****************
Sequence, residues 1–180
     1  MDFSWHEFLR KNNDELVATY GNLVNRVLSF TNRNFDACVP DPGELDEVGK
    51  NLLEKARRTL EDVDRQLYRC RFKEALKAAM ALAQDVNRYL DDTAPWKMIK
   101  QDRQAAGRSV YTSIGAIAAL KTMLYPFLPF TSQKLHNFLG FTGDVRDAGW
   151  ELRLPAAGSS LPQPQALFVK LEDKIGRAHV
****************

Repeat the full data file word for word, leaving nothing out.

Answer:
Sequence, residues 1–180
     1  MDFSWHEFLR KNNDELVATY GNLVNRVLSF TNRNFDACVP DPGELDEVGK
    51  NLLEKARRTL EDVDRQLYRC RFKEALKAAM ALAQDVNRYL DDTAPWKMIK
   101  QDRQAAGRSV YTSIGAIAAL KTMLYPFLPF TSQKLHNFLG FTGDVRDAGW
   151  ELRLPAAGSS LPQPQALFVK LEDKIGRAHV